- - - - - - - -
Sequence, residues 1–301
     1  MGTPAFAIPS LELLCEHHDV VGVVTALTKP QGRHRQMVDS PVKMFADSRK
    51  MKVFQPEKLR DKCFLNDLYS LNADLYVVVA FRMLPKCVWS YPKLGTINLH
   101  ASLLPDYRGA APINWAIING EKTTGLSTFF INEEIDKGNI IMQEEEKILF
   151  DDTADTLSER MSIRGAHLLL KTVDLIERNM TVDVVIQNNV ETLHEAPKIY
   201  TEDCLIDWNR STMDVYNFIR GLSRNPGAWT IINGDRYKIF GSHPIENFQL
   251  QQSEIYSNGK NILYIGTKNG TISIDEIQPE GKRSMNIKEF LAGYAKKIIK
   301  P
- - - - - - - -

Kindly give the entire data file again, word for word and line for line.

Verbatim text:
Sequence, residues 1–301
     1  MGTPAFAIPS LELLCEHHDV VGVVTALTKP QGRHRQMVDS PVKMFADSRK
    51  MKVFQPEKLR DKCFLNDLYS LNADLYVVVA FRMLPKCVWS YPKLGTINLH
   101  ASLLPDYRGA APINWAIING EKTTGLSTFF INEEIDKGNI IMQEEEKILF
   151  DDTADTLSER MSIRGAHLLL KTVDLIERNM TVDVVIQNNV ETLHEAPKIY
   201  TEDCLIDWNR STMDVYNFIR GLSRNPGAWT IINGDRYKIF GSHPIENFQL
   251  QQSEIYSNGK NILYIGTKNG TISIDEIQPE GKRSMNIKEF LAGYAKKIIK
   301  P